Real World Aside, TTAB Affirms 2(d) Refusal of "CARRERA" for Welding Helmets
In a decision noteworthy for its display of photoshopping talent, if nothing else, the Board affirmed a Section 2(d) refusal to register the mark CARRERA for "welding helmets," finding the mark likely to cause confusion with the identical mark, registered for "protective helmets." Applicant made the futile argument that the registrant sells only cycling helmets under its mark, but the Board pointed out for the millionth time that the determination of likelihood of confusion must be made in light of the goods identified in the cited registration, not on what the Registrant actually sells in the real world. In re A.C.E. International Company, Inc., Serial No. 77481947 (March 16, 2010) [not precedential].
Of course, the fact that the marks are identical weighed "heavily" in favor of a finding of likely confusion. Moreover, when the marks are identical, a lesser degree of similarity between the goods is necessary to support such a finding.
Applicant urged that Registrant is recognized for its cycling helmets. It pointed to the file history of the cited registration, where "protective helmets" were originally identified as "protective helmets for skiing and bicycling," and to Registrant's website.
Having presented this evidence, applicant decries the unfairness of this refusal to register inasmuch as Safilo’s “protective helmets” clearly do not include welding helmets, and applicant does not sell protective helmets for sports-related activities.
However, the Board pointed out that it would be improper to restrict or modify the Registrant's identification of goods based upon extrinsic evidence. The Board "must presume that registrant's 'protective helmets' might well include welding helmets."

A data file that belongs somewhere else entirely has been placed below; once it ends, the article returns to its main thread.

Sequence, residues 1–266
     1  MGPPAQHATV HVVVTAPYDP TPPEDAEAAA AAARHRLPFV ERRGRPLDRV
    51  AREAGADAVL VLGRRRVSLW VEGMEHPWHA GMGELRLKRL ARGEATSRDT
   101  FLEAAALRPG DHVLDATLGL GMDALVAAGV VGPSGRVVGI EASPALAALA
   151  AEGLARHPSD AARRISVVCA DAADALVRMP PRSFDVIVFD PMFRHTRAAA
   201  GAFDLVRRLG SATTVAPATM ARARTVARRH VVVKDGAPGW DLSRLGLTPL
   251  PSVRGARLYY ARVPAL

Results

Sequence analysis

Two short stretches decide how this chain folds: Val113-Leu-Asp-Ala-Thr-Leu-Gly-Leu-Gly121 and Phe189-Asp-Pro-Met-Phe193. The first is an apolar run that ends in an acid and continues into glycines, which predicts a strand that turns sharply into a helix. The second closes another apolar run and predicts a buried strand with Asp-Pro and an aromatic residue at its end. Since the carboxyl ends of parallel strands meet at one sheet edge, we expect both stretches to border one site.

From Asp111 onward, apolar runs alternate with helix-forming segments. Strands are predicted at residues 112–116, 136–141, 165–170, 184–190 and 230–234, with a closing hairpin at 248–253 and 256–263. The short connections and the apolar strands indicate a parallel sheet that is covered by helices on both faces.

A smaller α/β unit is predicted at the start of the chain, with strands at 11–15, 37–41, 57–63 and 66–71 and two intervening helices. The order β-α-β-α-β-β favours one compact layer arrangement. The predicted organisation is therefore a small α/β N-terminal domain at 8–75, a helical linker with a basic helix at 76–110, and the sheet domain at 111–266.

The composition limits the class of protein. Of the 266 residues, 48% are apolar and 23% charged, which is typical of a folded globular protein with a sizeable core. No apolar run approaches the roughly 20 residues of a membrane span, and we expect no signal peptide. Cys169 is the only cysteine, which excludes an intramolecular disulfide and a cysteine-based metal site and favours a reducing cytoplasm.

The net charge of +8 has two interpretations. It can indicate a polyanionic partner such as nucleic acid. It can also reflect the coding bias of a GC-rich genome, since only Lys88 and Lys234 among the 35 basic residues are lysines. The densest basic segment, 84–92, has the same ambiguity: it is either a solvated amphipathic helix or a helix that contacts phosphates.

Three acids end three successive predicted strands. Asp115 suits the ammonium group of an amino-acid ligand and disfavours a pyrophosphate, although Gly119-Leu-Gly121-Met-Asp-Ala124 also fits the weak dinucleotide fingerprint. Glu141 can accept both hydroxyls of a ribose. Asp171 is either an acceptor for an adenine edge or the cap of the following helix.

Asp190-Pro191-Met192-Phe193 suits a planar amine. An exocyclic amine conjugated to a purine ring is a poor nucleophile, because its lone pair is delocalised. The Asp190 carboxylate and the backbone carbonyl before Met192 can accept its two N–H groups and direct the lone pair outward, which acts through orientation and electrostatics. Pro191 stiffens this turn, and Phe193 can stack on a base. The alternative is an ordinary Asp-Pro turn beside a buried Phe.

The evidence showed that in common parlance the term "protective helmet" is used "interchangeably with welding helmet." In fact, in an earlier registration, Applicant referred to "protective or safety helmets." The website of a German [? - ed.] manufacturer offered motorcycle and welding helmets. And third-party registrations showed the same mark registered for sports-related activities and welding helmets.
Finally, Applicant argued that the purchasers of the involved goods are expensive and their purchasers are sophisticated. The Board observed that, in reality, the goods are obviously different, but the issue is not confusion as to the goods but confusion as to source. Applicant failed to provide evidence that purchasers of Registrant's good exercise great care, and even if there were such evidence, that would not necessarily mean that confusion would not be likely under the instant circumstances.
As to Applicant's argument about Registrant's amendment of its identification of goods, the Board suggested that the remedy may lie in Section 18 of the Trademark Act, whereby the registration might be restricted to sports-related helmets.
And so the Board affirmed the refusal to register.
Text Copyright John L. Welch 2010.